Chicago teachers refuse to return to in-person work

Some Chicago Public Schools teachers expected to report to the classroom ahead of preschool students’ anticipated return next week stayed home Monday over coronavirus concerns.

The nation’s third-largest district plans to bring students back in phases. Starting next week, preschool and some special education students can return or continue remote learning. Students in K-8 have the option Feb. 1. A date for high school students hasn’t been set.

The Chicago Teachers Union opposed the plan over safety. Dozens of aldermen also objected with concerns over health and racial equity. District data show roughly 37% of eligible students planned to return, a number that was disproportionately white.

Linda Perales, a southwest side special education teacher, told reporters Monday she’d continue remote teaching, partly because social distancing measures impact teaching.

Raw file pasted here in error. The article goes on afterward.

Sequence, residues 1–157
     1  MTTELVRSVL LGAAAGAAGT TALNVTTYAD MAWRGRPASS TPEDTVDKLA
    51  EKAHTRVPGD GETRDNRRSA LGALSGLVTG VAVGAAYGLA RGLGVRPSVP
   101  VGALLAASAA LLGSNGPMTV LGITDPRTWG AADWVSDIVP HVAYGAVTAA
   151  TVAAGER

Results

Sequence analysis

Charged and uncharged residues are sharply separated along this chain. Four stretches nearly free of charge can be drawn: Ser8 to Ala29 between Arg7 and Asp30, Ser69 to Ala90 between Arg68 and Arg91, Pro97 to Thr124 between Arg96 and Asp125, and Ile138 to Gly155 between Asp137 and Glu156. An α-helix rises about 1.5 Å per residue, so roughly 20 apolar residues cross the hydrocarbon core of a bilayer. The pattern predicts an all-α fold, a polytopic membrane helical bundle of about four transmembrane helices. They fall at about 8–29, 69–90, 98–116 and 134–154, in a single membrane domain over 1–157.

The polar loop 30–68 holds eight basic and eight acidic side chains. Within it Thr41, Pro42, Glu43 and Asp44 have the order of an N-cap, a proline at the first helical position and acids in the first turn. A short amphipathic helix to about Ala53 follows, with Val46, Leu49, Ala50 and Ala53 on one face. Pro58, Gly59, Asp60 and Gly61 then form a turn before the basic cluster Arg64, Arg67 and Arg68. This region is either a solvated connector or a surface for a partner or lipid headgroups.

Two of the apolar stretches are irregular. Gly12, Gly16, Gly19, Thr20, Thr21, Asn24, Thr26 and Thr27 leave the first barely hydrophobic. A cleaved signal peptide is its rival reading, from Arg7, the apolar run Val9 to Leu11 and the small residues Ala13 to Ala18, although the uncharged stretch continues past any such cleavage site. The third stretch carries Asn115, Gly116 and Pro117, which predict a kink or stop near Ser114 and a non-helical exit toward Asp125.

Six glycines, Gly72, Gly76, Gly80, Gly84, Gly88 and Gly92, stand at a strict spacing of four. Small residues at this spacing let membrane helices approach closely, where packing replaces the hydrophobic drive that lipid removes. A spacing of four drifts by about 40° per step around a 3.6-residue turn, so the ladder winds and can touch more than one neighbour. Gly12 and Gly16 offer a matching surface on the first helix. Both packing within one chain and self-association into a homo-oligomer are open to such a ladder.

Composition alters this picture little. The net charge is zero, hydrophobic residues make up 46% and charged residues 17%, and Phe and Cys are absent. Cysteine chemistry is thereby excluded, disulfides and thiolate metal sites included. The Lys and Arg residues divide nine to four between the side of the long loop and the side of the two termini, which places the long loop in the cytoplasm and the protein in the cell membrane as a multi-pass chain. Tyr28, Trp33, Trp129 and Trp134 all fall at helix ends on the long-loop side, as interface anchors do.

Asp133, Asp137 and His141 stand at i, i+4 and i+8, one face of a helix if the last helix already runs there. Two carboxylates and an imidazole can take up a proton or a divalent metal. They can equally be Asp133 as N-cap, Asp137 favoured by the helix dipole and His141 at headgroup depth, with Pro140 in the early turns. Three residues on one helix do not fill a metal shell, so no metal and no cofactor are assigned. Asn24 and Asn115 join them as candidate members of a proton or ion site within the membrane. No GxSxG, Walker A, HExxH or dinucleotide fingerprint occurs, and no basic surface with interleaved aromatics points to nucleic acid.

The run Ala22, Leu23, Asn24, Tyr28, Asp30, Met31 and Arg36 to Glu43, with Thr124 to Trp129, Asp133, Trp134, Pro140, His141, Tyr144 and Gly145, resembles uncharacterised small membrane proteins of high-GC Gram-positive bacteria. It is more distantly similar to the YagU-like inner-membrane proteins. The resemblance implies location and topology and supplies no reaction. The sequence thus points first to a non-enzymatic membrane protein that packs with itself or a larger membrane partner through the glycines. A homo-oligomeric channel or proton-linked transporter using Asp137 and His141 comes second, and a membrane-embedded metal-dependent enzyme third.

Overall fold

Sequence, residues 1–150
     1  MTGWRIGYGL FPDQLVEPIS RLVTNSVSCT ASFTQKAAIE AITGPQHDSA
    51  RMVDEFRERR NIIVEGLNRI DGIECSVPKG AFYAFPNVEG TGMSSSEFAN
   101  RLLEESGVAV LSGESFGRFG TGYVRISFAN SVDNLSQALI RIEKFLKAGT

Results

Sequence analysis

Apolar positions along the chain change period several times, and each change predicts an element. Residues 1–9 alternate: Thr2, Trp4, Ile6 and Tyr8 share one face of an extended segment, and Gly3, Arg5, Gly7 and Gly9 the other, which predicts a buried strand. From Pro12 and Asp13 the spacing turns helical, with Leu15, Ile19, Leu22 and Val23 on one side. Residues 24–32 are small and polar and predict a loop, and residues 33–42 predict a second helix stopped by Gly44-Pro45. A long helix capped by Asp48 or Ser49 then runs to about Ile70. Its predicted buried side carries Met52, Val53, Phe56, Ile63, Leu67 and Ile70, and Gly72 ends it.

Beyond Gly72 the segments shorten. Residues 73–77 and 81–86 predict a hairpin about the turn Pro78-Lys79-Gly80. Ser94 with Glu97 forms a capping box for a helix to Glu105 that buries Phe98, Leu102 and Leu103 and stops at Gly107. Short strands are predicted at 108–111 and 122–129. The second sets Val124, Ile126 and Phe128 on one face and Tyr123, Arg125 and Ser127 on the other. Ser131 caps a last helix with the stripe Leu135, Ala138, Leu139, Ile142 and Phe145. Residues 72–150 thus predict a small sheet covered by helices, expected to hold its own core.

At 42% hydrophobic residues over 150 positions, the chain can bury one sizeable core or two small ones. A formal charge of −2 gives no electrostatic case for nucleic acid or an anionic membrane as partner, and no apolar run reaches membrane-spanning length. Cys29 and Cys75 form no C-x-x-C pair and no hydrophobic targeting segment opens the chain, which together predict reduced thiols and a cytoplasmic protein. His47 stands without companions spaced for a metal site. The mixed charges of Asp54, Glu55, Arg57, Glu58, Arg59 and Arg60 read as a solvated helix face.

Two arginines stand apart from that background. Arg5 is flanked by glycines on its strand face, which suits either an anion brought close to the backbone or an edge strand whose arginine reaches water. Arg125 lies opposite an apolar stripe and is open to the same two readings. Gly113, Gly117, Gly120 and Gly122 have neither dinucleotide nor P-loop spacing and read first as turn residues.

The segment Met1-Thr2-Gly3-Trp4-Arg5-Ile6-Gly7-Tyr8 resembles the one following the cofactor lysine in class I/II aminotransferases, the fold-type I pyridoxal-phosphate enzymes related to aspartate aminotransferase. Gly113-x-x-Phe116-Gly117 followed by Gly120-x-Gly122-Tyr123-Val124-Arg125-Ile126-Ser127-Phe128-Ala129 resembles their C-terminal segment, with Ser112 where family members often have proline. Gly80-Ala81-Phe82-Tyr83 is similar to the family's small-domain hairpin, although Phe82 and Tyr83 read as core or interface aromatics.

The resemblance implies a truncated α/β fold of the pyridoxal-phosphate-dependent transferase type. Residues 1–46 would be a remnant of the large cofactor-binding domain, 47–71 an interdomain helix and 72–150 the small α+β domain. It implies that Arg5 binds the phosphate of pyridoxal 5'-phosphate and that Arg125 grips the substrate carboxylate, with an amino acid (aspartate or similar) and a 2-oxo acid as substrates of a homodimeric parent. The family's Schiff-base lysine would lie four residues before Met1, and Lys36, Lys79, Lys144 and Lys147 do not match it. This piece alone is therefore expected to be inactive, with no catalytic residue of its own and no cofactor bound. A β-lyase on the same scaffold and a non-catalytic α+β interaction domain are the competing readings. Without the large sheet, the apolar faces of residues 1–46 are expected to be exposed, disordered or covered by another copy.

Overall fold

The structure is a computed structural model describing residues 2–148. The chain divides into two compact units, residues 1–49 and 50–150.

"They will have to wear a face mask all day," she said. "Teachers will have to wear a face mask all day, and that is so important to note because it’s going to make it impossible to teach letter sounds and other things like that."

CPS officials said the plan is as safe for teachers as it is for principals, custodians and others who’ve worked through the pandemic.

Roughly 5,800 teachers and staff were expected in classrooms Monday, according to The Chicago Tribune. It wasn’t clear how many showed.


CTU spokeswoman Chris Geovanis said the union doesn’t know how many remained remote. CPS officials didn’t immediately return messages.

Illinois reported 5,059 new confirmed and probable COVID-19 cases Monday and 79 deaths. Overall, Illinois has logged 984,880 infections and 16,834 deaths.